The food of the Caribbean is the living product of its tumultuous history, with influences and ingredients introduced from all over the world. Back in the 11th century, the islands’ first inhabitants, the indigenous Arawak and Taíno Indians, subsisted on the fruits, vegetables (guavas, yams, casavas), fish, and mainly poultry then available and they cooked in simple pots or roasted over open fires. Sometime in the 12th century, fiercely hot, pepper sauces were added to the culinary mix by the Carib people, who migrated from South America and lent their name to the region.
The Caribbean Sea soon became a crossroads of culture. Colonizing Europeans rushed to set up tobacco plantations on the islands, and as they emigrated they brought European trees with them. What we see today as Caribbean specialties – fruits such as limes, lemons, bananas, and plantains, along with ginger, date palms, coconuts, sugar cane, and tamarind – were all introduced from Spain in the 16th century. Breadfruit, another firm staple, was brought in from Polynesia, and later American plantation owners imported corn, potatoes, beans, squash, and even chili pepper to the islands.
When the plantation owners converted from growing tobacco to labor-intensive sugar production in the 17th century, slavery was introduced and the cuisine changed again. African foods were combined with local staples; thus saltfish, fish cakes, okra, and ackee merged into the Caribbean lexicon of food.
After years of social unrest, slavery was abolished between 1834-48, but soon cheap labor was being imported from the Far East, adding another dimension to Caribbean cooking. Rice was introduced from China – now an everyday basic – and spices such as cumin and turmeric were brought in from India.
On top of this great influx of foodstuffs and influences, each of the 22 island territories of the Caribbean has added its own individual style to its own cooking; few islands produce exactly the same dishes although strong mutual roots are evident.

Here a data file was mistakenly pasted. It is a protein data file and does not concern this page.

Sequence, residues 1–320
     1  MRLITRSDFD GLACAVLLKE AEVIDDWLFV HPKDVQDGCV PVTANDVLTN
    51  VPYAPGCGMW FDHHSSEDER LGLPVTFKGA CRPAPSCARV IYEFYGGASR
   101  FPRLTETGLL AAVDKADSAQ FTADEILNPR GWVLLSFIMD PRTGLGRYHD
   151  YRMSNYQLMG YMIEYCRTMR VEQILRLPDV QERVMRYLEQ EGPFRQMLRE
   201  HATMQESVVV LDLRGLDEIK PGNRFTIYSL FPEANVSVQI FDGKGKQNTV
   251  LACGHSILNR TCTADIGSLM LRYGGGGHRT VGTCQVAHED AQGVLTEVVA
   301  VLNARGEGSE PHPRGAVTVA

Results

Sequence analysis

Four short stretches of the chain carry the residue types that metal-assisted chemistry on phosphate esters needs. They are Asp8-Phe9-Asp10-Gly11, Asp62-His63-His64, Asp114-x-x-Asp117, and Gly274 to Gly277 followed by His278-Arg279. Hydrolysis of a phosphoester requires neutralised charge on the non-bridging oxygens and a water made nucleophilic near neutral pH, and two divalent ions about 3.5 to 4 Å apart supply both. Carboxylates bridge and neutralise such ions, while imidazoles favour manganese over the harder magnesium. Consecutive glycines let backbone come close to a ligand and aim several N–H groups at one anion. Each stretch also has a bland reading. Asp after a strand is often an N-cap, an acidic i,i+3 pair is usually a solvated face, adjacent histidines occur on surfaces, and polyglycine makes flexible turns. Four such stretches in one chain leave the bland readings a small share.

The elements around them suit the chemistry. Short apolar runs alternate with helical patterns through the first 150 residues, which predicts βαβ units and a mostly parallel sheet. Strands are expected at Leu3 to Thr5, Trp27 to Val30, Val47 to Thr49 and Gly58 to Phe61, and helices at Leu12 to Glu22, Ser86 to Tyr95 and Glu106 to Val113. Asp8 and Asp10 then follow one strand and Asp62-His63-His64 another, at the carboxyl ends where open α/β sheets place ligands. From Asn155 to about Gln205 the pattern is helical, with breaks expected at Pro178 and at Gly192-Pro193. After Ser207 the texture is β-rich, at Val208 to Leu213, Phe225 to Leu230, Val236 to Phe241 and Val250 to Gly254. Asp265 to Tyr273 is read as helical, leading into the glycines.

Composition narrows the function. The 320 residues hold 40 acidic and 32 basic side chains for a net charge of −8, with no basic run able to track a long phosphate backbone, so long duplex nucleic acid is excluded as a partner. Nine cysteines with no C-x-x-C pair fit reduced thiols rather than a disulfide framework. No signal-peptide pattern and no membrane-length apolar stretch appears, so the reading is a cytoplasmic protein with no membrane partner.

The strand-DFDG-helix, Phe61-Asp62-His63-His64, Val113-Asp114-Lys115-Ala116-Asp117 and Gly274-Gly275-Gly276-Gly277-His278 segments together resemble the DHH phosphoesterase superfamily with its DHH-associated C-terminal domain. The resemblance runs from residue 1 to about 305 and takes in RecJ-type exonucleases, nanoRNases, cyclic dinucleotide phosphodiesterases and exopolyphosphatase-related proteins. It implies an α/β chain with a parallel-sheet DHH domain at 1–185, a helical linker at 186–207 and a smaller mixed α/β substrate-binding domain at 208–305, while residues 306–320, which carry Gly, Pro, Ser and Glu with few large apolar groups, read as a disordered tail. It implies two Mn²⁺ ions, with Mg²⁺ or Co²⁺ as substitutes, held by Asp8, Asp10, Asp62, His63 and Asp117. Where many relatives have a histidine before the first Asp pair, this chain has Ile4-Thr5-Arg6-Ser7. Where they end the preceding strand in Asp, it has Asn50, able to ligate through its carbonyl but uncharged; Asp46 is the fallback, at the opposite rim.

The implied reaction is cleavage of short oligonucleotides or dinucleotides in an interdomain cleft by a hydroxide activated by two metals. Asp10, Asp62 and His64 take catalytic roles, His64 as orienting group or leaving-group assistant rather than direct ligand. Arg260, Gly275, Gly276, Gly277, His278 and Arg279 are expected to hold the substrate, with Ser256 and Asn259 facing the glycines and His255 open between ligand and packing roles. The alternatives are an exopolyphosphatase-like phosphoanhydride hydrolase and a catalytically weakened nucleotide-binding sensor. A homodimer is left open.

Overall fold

Traditional Caribbean foods
Perhaps the most famous dish of the Windies is jerk; it originates from Jamaica, where African slaves cooked pork or chicken slowly over coals – the world’s first BBQ – after being marinaded with hot pepper sauces. Curry goat also comes from Jamaica – via India – and is slow cooked with spices and hot chilies until the meat is flaked and tender. It is usually served with rice, boiled potato, or fried plantain, and can also be made from mutton.
Rice and beans is a fundamental Caribbean dish, originally coming from Costa Rica, and either served with meat to pad it out or on its own as a snack. It can be pepped up with anything from hot chilies to oregano or coconut, depending on where you are eating it. Roti is also served all over the Caribbean but is most popular and flavorsome on the heavily Indian-influenced islands of Trinidad and Tobago. It consists of flatbread stuffed with curried chicken or dhalpuri (split peas) and liberally doused with heart-stopping ‘mother-in-law’ hot pepper sauce.
West African in origin, Callolo soup is made from a spinach-like vegetable that varies from island group to island group. Taro or dasheen are often used and the soup can be flavored with coconut, okra, tomatoes, and onions. In Barbados it is served with macaroni pie, in Grenada with meat and rice. Beef steak is slow cooked for up to 10 hours to produce Cuban ropa vieja (literally ‘old clothes’), a tasty spiced stew served up with bell peppers and cilantro and popular in the western Caribbean.
The cuisine scene today
For many years the reputation of Caribbean cuisine was non-existent. There was little more to eat than the homogenized pseudo-European dishes served in the hotels that sprung up when mass tourism first hit the islands. There was a dearth of top-class restaurants and the traditional gastronomy of the region, so heavily influenced by its history, all but disappeared for everyone apart from the lucky locals.
Today all has changed. Barbados led the way with the advent of top-class restaurants in the gold-plated hotels of its west coast, and now many world-famous chefs have set up shop here, from the UK’s Michelin-starred Gary Rhodes at Calabash on Grenada to Paul Newman at the prohibitively expensive Coyaba on Provo in the equally expensive enclave of Turks and Caicos. Blue by Eric Ripert, the four-Michelin-star French chef, on Grand Cayman is an offshoot of New York’s peerless Le Bernardin; the Bahamas boasts Michelin-starred sushi chain Nobu, owned by Japanese superchef Nobu Matsuhisa and Robert de Niro, at the Atlantis; while renowned French chef Jean-Georges Vongerichten runs the brigade at Dune in the exotic One and Only Ocean Club, both hotels on Paradise Island.